April 21st, 2022
One parliament, many elections
Hello, here is Anna. I’m the one gardening the more than 1000 administrative region maps we offer for choropleth and symbol maps in Datawrapper. This week, with help from Lisa, I’m in charge of the Weekly Chart. And of course, I’m making a map!
At the end of this month, the member countries of the European Union are electing members of the European Parliament. What a splendid opportunity for me to add some election maps to our map collection, especially since it happens to be Europe Day today! Starting from now, you can create Datawrapper maps of the EU constituencies from 2014, the EU constituencies from 2019 (yes, some constituencies have changed )and the EU member countries. But before you all put the election results into our new shiny new map on the 26th of May, this week’s Weekly Chart shows the results of the 2014 EU Parliament elections:
So how does this EU election work? There is in fact not just one election taking place, as each member state is responsible for their own election of Members of the European Parliament (MEPs). Each state is free to subdivide their country into constituencies, as long as they use proportional representation. The majority of EU countries have a single national constituency where MEPs are elected for the whole country, but Ireland, Belgium and United Kingdom are subdivided into constituencies where results are calculated separately. Poland and Italy are also subdivided, but the number of MEPs per constituency is calculated and distributed after the election.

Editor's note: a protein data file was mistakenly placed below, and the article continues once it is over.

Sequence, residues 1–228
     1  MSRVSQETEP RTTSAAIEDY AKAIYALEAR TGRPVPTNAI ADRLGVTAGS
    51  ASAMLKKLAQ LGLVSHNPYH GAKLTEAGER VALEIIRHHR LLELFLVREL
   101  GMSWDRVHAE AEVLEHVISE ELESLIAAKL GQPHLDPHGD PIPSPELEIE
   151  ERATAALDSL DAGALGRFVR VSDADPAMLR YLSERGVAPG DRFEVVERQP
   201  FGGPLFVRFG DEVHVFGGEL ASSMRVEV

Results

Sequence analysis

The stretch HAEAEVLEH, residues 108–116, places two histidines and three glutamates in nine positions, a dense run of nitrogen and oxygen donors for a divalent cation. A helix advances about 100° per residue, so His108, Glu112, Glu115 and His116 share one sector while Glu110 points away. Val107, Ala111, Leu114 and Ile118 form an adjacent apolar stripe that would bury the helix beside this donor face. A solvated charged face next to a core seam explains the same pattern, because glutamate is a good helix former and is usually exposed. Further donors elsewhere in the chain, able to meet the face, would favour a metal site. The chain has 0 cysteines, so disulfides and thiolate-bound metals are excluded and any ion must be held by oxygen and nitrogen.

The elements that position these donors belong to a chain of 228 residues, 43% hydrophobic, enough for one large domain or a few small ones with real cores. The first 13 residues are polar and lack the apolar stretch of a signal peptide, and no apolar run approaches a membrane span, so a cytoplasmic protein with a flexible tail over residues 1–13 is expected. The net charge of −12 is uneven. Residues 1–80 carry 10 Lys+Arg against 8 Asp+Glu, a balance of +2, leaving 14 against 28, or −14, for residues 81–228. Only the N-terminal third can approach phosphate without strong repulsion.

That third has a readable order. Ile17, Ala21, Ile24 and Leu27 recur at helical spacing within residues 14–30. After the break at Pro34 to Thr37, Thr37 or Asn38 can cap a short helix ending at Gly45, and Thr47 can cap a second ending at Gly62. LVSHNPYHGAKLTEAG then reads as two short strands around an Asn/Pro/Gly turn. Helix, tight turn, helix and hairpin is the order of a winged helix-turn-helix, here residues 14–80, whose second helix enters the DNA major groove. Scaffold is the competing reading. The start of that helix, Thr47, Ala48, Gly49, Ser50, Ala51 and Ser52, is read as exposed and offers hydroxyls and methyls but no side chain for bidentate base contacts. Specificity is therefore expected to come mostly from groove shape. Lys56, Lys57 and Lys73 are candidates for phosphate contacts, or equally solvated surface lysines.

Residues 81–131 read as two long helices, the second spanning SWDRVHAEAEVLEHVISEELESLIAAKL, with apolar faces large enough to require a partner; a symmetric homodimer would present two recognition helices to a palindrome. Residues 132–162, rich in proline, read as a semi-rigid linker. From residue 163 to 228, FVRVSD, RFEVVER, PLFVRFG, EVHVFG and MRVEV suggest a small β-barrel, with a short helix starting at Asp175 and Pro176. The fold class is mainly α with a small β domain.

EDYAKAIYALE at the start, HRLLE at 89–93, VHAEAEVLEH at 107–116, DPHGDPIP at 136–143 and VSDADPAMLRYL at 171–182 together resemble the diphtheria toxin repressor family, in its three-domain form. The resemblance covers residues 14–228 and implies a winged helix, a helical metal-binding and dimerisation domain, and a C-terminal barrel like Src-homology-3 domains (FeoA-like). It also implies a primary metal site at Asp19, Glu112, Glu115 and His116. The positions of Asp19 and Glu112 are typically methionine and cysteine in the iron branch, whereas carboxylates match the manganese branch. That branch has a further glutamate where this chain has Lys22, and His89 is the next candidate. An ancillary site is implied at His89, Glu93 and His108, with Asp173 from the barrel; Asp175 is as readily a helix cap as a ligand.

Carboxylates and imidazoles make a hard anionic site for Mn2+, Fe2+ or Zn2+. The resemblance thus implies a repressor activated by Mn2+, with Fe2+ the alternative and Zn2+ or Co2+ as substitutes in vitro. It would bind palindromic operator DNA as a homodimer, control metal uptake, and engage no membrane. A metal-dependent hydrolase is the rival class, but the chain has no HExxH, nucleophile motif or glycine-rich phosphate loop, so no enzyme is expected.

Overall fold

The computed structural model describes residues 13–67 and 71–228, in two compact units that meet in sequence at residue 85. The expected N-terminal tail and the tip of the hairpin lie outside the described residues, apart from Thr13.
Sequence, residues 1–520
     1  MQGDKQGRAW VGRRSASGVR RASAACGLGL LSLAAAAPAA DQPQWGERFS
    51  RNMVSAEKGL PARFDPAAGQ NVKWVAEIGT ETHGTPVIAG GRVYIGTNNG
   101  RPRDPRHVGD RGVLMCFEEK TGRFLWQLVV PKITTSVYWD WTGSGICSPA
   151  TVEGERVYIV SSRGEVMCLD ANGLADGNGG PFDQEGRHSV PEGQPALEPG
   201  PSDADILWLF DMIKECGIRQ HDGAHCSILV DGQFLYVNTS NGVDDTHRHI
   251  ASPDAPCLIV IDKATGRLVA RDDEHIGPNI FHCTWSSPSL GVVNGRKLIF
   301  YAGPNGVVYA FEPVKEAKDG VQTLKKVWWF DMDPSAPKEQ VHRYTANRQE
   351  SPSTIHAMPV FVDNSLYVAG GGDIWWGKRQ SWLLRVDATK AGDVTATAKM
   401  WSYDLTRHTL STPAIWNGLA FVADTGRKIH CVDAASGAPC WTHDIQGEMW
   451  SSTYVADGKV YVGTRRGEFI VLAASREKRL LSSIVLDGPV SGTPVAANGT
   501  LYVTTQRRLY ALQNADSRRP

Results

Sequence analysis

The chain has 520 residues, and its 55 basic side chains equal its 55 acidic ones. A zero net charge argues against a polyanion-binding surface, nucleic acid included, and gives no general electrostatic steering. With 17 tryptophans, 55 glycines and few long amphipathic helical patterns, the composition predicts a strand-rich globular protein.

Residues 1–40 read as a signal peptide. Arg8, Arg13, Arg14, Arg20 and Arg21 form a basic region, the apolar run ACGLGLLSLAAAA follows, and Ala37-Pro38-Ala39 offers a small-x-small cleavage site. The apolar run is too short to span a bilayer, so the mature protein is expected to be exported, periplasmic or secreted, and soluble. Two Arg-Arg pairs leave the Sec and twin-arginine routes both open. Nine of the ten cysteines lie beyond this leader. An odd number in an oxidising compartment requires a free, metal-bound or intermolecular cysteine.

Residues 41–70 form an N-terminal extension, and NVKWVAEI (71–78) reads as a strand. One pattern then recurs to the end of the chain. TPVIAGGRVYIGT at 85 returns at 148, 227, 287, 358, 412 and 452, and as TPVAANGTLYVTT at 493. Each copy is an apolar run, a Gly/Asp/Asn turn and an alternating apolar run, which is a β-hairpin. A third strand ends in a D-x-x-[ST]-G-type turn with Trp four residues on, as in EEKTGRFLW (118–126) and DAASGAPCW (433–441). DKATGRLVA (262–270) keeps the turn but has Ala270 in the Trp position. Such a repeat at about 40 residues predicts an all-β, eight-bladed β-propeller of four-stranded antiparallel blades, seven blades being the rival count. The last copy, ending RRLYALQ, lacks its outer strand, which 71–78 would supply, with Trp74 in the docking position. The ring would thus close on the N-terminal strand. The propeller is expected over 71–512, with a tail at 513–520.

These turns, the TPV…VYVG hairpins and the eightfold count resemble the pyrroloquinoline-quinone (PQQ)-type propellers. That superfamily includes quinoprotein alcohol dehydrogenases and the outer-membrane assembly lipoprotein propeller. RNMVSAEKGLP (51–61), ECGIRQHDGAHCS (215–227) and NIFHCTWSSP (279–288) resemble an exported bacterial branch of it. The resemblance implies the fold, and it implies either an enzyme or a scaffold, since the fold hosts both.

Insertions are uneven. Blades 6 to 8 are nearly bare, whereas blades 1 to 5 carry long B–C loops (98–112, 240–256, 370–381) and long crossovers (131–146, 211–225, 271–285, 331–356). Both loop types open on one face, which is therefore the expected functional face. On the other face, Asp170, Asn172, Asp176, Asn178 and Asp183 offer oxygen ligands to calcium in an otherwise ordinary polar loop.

And here are the results of the election in 2014:
These tiny maps (some would call them “small multiples”) show how popular the political groups in the EU parliament were in the 2014 elections. Small multiples are a good way to compare different variables in the same regions with each other. For example, in Poland the conservative ECR group gained many representatives, but the socialist S&D hardly got any.
And since small multiple maps don’t take away much space, we can show the results of smaller political groups, too: We can see that in France, the NI group (MEPs not belonging to any group) is quite large. And maybe not very surprisingly, UK and Italy elected many MEPs into the EU-critical group EFDD.
I hope you liked this article! If you have any questions or feedback, you can write to me (firstname.lastname@example.org). I’m looking forward to hearing from you! We’ll see you next week.
In the 2019 elections, France goes from being subdivided into 8 constituencies to a single national constituency. ↩︎